The La Paz County jury pool is depleted after so many court trials that the Superior Court Judge, Jessica Quickle, is putting a stop to new grand juries with immediate effect.
In an email to court personnel and county officials, Quickle announced her decision.
“Ladies and Gentlemen,” she wrote, “This email is to inform you that La Paz County will cease empanelment of any new Grand Juries effective immediately. The current Grand Juries will continue to operate through their full terms, but no new Grand Juries will be empaneled until further notice.”
By way of explanation of the decision, Quickle cited the number of recent trials.
“I realize this will increase everyone’s workload, but, unfortunately, due to the number of jury trials we have had and that are currently scheduled to proceed this year and next year, our juror pool is being depleted very quickly, and we cannot sustain the current momentum.”
The purpose of grand juries is to decide, based on a summary of the evidence against a person presented by the state, whether formal charges should be brought against them and whether a trial should be pursued. The alternative to a grand jury is a preliminary hearing in front of a judge, who makes the determination instead.
Quickle’s announcement means that all cases will have to go to preliminary hearings for a determination of probable cause instead of a grand jury. Since La Paz County’s permanent population, a percentage of whom are eligible to serve on juries, is already small, Quickle is prioritizing the continued ability of the court system to pull people for jury duty for criminal trials by not using them for grand juries.
“The Constitutional right to a jury trial outweighs the convenience of the Grand Jury,” she said. “It is my duty as Presiding Judge to make certain that Constitutional rights are preserved, and, in this case, to make certain that a person who invokes his or her right to a jury trial can actually have one in a reasonable amount of time.”
Jury pool depletion
In an attempt to discover why the jury pool is becoming so depleted, Parker Live spoke with the Clerk of the Superior Court Megan Spielman and filed a public request for the records of trials at the court.
In the 2019 fiscal year, there were 7 jury trials, with another following just after the end of the fiscal year in July. This is high for La Paz County. On previous fiscal years going back to 2014, the number of jury trials never exceeded 4. In the 2018 fiscal year, it was just 2.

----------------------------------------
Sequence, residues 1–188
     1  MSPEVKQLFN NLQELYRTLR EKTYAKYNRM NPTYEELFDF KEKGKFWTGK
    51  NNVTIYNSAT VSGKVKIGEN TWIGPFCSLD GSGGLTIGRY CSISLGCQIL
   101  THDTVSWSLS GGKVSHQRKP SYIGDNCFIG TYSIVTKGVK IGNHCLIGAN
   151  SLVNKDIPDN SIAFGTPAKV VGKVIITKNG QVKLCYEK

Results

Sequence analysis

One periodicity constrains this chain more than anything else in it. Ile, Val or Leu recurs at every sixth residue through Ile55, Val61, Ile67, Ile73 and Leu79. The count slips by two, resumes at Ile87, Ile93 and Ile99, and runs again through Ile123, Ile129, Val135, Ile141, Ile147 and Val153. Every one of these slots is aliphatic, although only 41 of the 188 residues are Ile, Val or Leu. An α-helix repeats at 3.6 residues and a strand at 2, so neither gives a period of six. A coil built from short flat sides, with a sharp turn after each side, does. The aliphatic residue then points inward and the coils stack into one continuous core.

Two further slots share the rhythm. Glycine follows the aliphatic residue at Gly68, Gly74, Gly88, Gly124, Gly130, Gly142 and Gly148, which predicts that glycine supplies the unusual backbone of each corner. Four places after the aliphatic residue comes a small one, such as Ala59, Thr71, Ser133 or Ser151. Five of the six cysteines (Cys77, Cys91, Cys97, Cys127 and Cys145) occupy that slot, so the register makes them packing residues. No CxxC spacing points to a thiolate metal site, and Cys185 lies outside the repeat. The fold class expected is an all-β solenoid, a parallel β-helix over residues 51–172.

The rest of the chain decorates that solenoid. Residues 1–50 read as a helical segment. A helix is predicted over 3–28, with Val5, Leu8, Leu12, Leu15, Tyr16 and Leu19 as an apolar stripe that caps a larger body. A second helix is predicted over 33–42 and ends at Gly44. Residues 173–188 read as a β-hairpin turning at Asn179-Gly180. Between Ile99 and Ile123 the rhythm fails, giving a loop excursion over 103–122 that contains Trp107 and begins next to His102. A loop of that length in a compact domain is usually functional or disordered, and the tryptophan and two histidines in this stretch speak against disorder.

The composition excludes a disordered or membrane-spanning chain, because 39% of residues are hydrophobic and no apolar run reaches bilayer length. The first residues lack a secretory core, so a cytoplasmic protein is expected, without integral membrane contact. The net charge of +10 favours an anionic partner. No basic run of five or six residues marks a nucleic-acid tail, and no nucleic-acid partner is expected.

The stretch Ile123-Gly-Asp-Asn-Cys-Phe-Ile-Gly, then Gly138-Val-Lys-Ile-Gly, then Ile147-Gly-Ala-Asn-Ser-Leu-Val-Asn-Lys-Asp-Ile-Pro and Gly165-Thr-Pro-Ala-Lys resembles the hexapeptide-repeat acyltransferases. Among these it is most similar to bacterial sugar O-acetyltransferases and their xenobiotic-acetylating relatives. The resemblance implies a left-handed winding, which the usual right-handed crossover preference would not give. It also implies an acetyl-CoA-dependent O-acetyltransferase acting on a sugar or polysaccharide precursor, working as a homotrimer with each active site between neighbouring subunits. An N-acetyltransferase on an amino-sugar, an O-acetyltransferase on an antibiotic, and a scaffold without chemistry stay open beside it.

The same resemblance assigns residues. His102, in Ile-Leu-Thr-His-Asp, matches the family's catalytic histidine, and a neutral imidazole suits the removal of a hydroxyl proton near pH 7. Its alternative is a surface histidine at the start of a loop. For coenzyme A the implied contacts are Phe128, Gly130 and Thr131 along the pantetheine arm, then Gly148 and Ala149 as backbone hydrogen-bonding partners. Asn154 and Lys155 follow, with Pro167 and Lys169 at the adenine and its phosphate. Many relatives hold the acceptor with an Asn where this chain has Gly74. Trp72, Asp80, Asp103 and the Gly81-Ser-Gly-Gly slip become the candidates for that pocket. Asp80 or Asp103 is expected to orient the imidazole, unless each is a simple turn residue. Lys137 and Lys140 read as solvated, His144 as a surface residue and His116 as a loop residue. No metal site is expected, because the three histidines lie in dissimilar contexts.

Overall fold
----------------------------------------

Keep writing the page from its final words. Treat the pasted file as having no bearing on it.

Of those 2019 fiscal year cases, none of the 7 trials resulted in a guilty verdict. In three of the cases, the jury found the defendant not guilty. In two of them, the court dismissed the case. In one of them, the jury couldn’t reach a verdict and in the last one, the state dismissed the case itself.
Spielman said that each time a jury is formed, those jurors are then exempt from being called again for another 4 years, reducing the pool of potential jurors in the county each time.
“There were 7 trials last fiscal year, then one in July 2019, and another 14 are scheduled in my calendar for just the next 9 months,” she told Parker Live. “I need to have enough jurors for that, even if not all of them go to trial.”
She said that grand juries are usually empaneled 8 times per year on top of the number of jury trials which may need jurors.
“We just don’t have a big enough jury pool. We simply cannot sustain the current momentum and I agree with Judge Quickle’s decision to temporarily cancel the grand jury.”
Effect on County finances
The announcement is set to affect La Paz County’s finances. Defendants in custody will now have to be transported to justice courts in Salome, Quartzsite and Parker by the County’s detention officers, who will have to accompany them the entire time. In addition, case officers will have to be paid overtime in most cases to appear. Prosecutors, public defenders, private attorneys, and Justices of the Peace will all need to be involved and scheduled for each hearing too, all of which will create a new burden on an already lean system.
“Our estimate is that it could cost as much as $1800 per hearing,” said Captain Curt Bagby of the Sheriff’s Department, which would be responsible for sending detention officers and case officers and transporting the defendants who are in custody. “We have officers on 12-hour shifts, and often it’ll be officers who aren’t on duty at the time of the hearing who need to appear to be cross-examined. Graveyard shift officers are some of the busiest we have, so they’ll literally need to appear while they should be sleeping.”
Bagby said the Sheriff’s office is going to be proposing the use of video conferencing with the court as a possible solution to help with this problem.
“We’re trying to do it,” he told Parker Live. “If the court approves it, it means we can have defendants in Parker appearing in court in Salome or Quartzsite via video. Same with officers, if they want to cross-examine the actual case officer instead of us sending someone to just read a report, video may be one way to do it, they could appear from home. There’s no reason for the taxpayers to be paying for all these people to be shuttled around the county all the time.”
La Paz County Attorney Tony Rogers told Parker Live his office would adjust to the change.
“The cessation of the grand jury represents a major change but we have worked without a grand jury before and we will adjust,” he said.